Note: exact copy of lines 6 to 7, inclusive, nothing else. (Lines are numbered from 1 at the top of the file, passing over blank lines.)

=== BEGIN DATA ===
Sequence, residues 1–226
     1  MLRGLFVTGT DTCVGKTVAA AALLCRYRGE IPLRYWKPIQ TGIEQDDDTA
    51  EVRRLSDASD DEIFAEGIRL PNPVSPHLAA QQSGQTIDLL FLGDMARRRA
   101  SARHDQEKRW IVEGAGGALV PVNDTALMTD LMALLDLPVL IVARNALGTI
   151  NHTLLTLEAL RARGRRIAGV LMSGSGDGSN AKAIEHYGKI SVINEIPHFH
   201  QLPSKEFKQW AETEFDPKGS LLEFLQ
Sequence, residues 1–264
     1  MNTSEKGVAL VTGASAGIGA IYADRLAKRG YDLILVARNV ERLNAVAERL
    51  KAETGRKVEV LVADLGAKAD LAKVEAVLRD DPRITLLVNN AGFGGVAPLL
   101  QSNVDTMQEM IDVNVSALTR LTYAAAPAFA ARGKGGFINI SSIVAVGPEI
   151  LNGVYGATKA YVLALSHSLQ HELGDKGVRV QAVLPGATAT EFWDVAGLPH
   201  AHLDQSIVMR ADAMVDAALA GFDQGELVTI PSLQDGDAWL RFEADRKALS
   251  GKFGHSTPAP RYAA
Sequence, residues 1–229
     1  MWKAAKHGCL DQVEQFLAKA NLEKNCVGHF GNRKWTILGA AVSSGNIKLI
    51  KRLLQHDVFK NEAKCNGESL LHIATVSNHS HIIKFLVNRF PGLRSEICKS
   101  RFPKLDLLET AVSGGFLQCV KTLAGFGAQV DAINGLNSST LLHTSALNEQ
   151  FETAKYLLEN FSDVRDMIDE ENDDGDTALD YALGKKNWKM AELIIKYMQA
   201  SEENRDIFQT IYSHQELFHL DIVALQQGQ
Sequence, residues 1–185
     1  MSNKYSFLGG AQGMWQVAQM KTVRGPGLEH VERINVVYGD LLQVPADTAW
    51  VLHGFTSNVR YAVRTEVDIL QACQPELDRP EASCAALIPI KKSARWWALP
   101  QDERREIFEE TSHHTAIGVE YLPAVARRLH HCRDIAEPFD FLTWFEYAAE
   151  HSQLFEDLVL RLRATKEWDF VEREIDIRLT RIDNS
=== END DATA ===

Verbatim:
   201  QLPSKEFKQW AETEFDPKGS LLEFLQ
Sequence, residues 1–264